Understandably, Leonard Cohen is the Leonard Cohen of our time, but if something horrible, terrible, and awful happened and the world had to wake up one day without Leonard Cohen crooning his sad songs of life, Bill Callahan would be his rightful successor. Thus, Bill Callahan laying his own deep-toned croon on to one of the great Leonard Cohen songs isn’t just amazing, it’s downright etched in the stars. Callahan’s take on “So Long, Marianne” is steeped in the humming Americana he does so well, and the song seems to weep with his delivery. It’s a beautiful, beautiful track, and I could only dream of Callahan lending his talents to an entire album of Cohen tracks …
The song arrives on The Songs of Leonard Cohen Covered, a full album of artists doin’ that Cohen thing. These artists include Cass McCombs and Will Oldham amongst many other talented folk.
The time has come for me to regurgitate an entire years worth of music on to the digital table so you can pick through the mess and see what I liked and possibly find something you missed or something you agree with or something you’ve never heard of and suddenly like. As usual there are probably a hundred songs that I listened to and exclaimed “this is the best song ever” and then totally forgot to post anything about and also, as always, a lot of the songs tend be picked from the latter part of the year because my drug-addled brain is unable to source anything from the front half. It’s a good mix this year and I’m proud that for almost 5 years now I’ve had the opportunity to share my thoughts on music on this amazing website with you, our amazing readers.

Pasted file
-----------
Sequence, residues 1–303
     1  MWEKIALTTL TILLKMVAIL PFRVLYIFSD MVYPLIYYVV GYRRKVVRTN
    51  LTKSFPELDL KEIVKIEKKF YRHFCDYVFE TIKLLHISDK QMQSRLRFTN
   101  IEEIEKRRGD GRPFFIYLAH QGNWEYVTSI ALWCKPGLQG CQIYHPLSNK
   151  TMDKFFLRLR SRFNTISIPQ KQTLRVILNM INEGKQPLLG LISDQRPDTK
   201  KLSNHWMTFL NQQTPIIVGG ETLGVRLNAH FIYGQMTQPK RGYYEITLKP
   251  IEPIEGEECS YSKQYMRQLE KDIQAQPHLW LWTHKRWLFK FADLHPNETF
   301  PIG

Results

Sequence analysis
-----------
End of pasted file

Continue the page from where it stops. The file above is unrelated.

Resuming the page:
There is very little needed to be said about “Baby’s Breath” – the first single from Bill Calahan’s new album Apocalypse. It is simple and sparse and elegantly highlights the rootsy timber of Mr. Callahan’s heart squeezing voice. I am slack-jawed in love with the way “Baby’s Breath” starts as a man in a room on a stool with a guitar and as the story, dark and visceral, ebbs and flows and expands, little by little a full cadre of musicians and instruments thicken in to existence.
Somebody help me, my teeth are locked in eye-widening excitement.